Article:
Buckinghamshire Advertiser - - OPINION -


CHERYL Gillan MP re­vealed the poi­sonous at­mos­phere within the Con­ser­va­tive par­lia­men­tary party in her con­tri­bu­tion to the EU de­bate in last week’s edi­tion of the Buck­ing­hamshire Ex­am­iner, in which she said there had been “much com­men­tary on lead­er­ship bids within the Con­ser­va­tives and pun­ish­ments for hold­ing a dif­fer­ent opin­ion from the cur­rent lead­er­ship or mi­nor re­wards for com­pli­ance have be­come com­mon­place.”

That, from some­one who is di­rectly in­volved in what she writes about, does not sound like a healthy state of affairs.

It ap­pears that the Con­ser­va­tive Party is at war with it­self on the Euro­pean is­sue.

Mrs Gillan de­scribes her­self as “fiercely Bri­tish.”

Pre­sum­ably she would al­low oth­ers to be “fiercely Ger­man,” “fiercely French,” “fiercely Ital­ian” and so on.

The 20th cen­tury demon­strated the dan­ger of com­pet­ing na­tion­alisms and the tragedy that could re­sult.

The Schu­man Dec­la­ra­tion and the Treaty of Rome (the found­ing agree­ments of the Euro­pean Union, in which the Bri­tish could and should have had a hand) were born out of a de­sire for an an­ti­dote to such de­struc­tion.

Do­minic Grieve shows a much more ju­di­cious ap­proach in stat­ing that “the cur­rent de­bate is be­ing con­ducted on a false view of na­tional in­ter­est. The lessons of our his­tory are that the well­be­ing of our neigh­bours on the Con­ti­nent of Europe is crit­i­cal to our own.”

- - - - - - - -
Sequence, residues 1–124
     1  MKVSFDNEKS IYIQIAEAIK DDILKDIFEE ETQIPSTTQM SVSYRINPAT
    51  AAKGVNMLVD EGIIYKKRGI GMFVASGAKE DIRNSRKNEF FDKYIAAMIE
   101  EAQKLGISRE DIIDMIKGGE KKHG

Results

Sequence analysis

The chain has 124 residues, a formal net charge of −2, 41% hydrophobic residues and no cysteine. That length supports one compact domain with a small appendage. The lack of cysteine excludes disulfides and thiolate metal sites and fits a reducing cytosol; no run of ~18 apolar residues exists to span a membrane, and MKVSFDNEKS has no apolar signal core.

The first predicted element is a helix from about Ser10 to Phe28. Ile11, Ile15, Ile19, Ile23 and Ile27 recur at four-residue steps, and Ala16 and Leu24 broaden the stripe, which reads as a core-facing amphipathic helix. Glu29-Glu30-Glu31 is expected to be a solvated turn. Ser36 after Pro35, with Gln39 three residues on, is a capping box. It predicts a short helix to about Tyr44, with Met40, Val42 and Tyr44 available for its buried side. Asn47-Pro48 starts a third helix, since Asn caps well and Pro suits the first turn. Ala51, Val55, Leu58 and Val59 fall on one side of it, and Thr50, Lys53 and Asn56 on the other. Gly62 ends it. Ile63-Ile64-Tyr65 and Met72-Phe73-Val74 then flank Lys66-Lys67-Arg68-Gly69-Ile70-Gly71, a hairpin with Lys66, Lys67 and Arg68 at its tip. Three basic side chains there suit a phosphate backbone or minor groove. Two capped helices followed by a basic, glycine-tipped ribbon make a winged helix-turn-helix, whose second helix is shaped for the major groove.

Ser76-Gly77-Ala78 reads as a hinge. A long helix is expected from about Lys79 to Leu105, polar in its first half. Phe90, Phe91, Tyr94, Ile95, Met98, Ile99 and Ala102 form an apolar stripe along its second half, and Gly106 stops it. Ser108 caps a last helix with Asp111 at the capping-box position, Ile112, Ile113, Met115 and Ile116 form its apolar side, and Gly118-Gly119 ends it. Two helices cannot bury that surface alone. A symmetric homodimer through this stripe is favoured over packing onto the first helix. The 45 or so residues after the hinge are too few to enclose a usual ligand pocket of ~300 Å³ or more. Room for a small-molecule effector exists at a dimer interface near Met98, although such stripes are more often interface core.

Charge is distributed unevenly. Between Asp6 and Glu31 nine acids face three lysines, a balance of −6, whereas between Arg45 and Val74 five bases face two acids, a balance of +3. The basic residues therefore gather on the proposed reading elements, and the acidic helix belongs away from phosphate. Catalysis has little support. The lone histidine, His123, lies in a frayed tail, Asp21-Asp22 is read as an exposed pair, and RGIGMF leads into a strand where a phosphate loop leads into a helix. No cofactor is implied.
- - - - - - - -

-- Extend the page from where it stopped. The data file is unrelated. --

Vot­ers in the Chesham and Amer­sham con­stituency are sub­ject to the lo­cal govern­ment of three lev­els of coun­cil, town, dis­trict and county, all of them dom­i­nated by rep­re­sen­ta­tives of the Con­ser­va­tive Party.

Yet it is clear that the Con­ser­va­tive Party is not one party but two, with the sec­tion to which Mrs Gillan be­longs ap­par­ently iden­ti­cal to UKIP on what is prob­a­bly the most sig­nif­i­cant is­sue to face this coun­try in re­cent times, namely whether to con­tinue our mem­ber­ship of the Euro­pean Union or not.

And it is not just a mat­ter of sig­nif­i­cance for this coun­try but for the other EU mem­bers and for the global po­lit­i­cal sit­u­a­tion, as the re­cent com­ments of the US President have shown.

There are many peo­ple who nor­mally vote Con­ser­va­tive who would not wish to vote for any rep­re­sen­ta­tive who is in­dis­tin­guish­able from Nigel Farage on this is­sue.

It is prob­a­ble that the re­verse sit­u­a­tion is true too.

It is time we knew which “tribe” the lo­cal Con­ser­va­tive Coun­cil­lors be­long to.

Isn’t it about time the Coun­cil­lors who rep­re­sent the peo­ple of this area at lo­cal level fol­lowed the ex­am­ple of the lo­cal MPs and re­vealed their po­si­tion on this im­por­tant and press­ing is­sue?

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